“That’s a little satire, but it gets over with them. Because I don’t want them being disgruntled with me because I consider myself a Bear, baby.”

Steve McMichael doesn’t want Bears fans to be “disgruntled” with him “because I consider myself a Bear, baby.” Jonathan Daniel/Getty Images
Bennett and McMichael were actually teammates with the Packers in 1994, Bennett’s third season in the league. The running back finished his career with two years (1998-99) with the Bears.

Bennett then came back to the Packers as assistant coach from 2005-17. Just about every time the Bears came up on the schedule in recent seasons, Bennett would get questions about the rivalry and what it was like to play on both sides. He was always careful not to say anything that would stir up trouble.

“I was lucky enough to play for two great organizations,” Bennett said last year. “But I started with the Packers, and I’m still with the Packers.”

The anomaly is Julius Peppers, who shouldn’t be strictly associated with one team or the other.

Perhaps that’s why it was Peppers who — after he gave a much-talked-about inspirational pregame speech in the Green Bay locker room before his first game against the Bears as a Packer, in 2014 — expressed empathy for his old team after a 55-14 Green Bay victory.

“I’m not really here to kick them while they’re down,” Peppers said after that game.

Unlike Bennett and McMichael, who finished their careers with the rival team, Peppers’ time in the rivalry — four years with the Bears (2000-13) and three with the Packers (2014-16) — came in the middle of his career, sandwiched between his start and presumed finish with the Carolina Panthers, which will ultimately be the team he’s associated with the most.

McMichael said he signed with the Packers because Brett Favre and Reggie White were there, and it was “a chance to play with some legends.”

Then he added: “Really, the Bears said, ‘We don’t want you anymore,’ and the Packers said, ‘We do.’ So what do you do? You go to Green Bay.”

Then-Packers coach Mike Holmgren made McMichael the defensive captain for both games against the Bears that season, including the Monday Night Football monsoon game on Halloween.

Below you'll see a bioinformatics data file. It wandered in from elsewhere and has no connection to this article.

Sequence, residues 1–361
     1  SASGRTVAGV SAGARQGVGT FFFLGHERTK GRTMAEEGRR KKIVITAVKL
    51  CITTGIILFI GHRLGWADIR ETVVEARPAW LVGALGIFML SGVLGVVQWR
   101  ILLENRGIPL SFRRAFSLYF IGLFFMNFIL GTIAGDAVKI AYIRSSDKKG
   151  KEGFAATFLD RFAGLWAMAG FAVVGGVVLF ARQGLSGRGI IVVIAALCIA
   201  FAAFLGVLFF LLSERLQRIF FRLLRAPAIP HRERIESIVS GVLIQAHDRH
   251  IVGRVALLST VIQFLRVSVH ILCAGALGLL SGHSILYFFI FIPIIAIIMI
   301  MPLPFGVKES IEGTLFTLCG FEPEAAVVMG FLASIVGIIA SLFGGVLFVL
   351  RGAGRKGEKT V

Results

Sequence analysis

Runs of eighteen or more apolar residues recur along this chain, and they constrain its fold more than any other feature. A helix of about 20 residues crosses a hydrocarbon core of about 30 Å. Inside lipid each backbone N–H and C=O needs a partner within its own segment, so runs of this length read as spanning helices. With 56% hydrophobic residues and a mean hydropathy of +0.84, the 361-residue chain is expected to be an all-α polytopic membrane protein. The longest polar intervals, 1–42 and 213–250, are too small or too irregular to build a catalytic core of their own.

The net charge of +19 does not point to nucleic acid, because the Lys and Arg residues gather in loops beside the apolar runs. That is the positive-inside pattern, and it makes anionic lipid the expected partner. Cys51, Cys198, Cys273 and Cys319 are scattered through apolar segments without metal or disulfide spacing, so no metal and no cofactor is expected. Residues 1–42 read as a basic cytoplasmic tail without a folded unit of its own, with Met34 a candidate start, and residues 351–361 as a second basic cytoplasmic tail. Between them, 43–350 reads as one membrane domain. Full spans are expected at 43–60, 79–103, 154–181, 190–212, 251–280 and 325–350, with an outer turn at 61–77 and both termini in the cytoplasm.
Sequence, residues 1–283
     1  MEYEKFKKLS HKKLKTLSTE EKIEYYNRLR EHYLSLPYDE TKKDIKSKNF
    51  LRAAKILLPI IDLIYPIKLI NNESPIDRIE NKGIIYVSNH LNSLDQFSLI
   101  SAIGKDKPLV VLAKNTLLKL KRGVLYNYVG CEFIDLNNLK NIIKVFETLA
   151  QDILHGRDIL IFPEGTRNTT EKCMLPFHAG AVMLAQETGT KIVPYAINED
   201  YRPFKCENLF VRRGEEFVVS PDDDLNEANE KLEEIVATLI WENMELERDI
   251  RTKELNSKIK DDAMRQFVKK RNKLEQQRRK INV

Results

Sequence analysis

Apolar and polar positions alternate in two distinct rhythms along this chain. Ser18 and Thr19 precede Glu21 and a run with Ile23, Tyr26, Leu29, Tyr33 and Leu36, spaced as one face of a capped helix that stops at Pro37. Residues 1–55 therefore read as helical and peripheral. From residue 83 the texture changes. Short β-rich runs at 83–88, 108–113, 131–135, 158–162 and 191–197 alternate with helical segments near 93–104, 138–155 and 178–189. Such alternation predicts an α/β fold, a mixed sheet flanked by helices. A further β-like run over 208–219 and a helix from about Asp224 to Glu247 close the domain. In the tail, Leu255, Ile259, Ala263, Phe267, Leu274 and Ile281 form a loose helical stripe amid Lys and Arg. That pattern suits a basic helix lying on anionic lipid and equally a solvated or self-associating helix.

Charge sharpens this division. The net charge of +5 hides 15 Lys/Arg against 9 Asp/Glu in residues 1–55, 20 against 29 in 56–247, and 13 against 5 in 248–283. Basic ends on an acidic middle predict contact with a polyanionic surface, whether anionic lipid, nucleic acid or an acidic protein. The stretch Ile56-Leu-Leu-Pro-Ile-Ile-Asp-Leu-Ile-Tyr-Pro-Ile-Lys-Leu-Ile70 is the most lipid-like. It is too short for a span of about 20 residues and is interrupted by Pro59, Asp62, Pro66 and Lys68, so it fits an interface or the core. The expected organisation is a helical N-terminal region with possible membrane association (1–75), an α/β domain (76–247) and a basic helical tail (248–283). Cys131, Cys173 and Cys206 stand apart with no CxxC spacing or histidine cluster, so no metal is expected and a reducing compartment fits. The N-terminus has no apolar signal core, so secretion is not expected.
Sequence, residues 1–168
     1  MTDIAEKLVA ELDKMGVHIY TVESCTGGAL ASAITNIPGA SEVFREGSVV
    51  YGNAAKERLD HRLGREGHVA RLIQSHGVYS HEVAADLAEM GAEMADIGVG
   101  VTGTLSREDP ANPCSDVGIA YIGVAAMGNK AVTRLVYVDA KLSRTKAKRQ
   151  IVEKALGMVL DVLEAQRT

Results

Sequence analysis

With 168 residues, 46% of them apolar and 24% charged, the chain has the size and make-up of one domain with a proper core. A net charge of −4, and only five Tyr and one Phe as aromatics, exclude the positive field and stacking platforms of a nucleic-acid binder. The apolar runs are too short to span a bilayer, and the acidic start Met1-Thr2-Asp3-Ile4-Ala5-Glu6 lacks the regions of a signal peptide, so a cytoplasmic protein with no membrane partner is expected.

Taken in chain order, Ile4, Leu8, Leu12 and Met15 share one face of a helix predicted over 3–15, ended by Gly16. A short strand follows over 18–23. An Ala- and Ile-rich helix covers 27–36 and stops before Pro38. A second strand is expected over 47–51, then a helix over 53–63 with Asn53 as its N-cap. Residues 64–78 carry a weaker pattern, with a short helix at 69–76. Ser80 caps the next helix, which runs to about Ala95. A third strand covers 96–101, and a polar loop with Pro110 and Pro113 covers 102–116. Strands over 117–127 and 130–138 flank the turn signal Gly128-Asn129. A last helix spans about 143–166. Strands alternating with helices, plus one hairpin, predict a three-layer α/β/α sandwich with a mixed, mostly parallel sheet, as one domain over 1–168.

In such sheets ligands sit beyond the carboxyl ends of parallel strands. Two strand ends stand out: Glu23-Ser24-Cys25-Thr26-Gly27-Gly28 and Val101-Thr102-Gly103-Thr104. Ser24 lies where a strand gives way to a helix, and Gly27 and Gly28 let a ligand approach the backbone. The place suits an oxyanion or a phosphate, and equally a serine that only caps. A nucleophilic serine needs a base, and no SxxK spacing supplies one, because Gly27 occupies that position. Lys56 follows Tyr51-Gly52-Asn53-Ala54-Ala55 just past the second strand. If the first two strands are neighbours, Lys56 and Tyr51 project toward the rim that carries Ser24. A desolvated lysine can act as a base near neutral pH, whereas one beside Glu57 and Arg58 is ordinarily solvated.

“God was crying that night because I was playing for the Packers,” McMichael said.

Photo: Jonathan Daniel/Getty Images

Braylon Edwards apologizes for U-M tweets, stands by stance

Braylon Edwards told The Detroit News that his original tweet criticizing Michigan on Saturday night was “excessive” and it was a mistake to call out players by name, but said he stands by his message.

Edwards was criticized by Michigan coach Jim Harbaugh on Monday for his tweet and then suspended indefinitely by the Big Ten Network. Edwards tweeted an apology on Monday but went into further details in an interview with The Detroit News, including that he was drinking when he posted his original tweets, which were later deleted.

“I admit I was excessive and emotional and inebriated. Mix those together. But the focus of my tweets remains intact. I stand by that. I was over-excessive Saturday night at 10:29, but I don’t back down on my overall stance as an alum and a fan. I’ve always defended Michigan. Even this year, I was high on Michigan,” he told the newspaper.

In his tweets on Saturday night after the Wolverines lost 24-17 to Notre Dame, Edwards, a former All-America wide receiver at Michigan, criticized offensive lineman Cesar Ruiz, calling him “weak,” and said Michigan quarterback Shea Patterson is “scared.” Edwards went on to tweet, “f—ing Michigan offense so predictable … Michigan football is sadly one thing … Trash.”

Edwards told The Detroit News he plans to reach out to Ruiz and Patterson through his brother, Berkley Edwards, who is a running back on the Wolverines. He said former Wolverines coach Lloyd Carr “called me out in the media” and he realizes now he shouldn’t have done the same to Ruiz and Patterson.

“I’m a man. We make mistakes. I’m sorry. I should not have gone that way. I still agree with the overall message — what do we do now (as a program)? But I apologize — shouldn’t name individual players. They’re still kids. That’s what I apologize for,” he told the newspaper.

ESPN’s Tom VanHaaren contributed to this report.

Photo: AP Photo/Tony Ding, File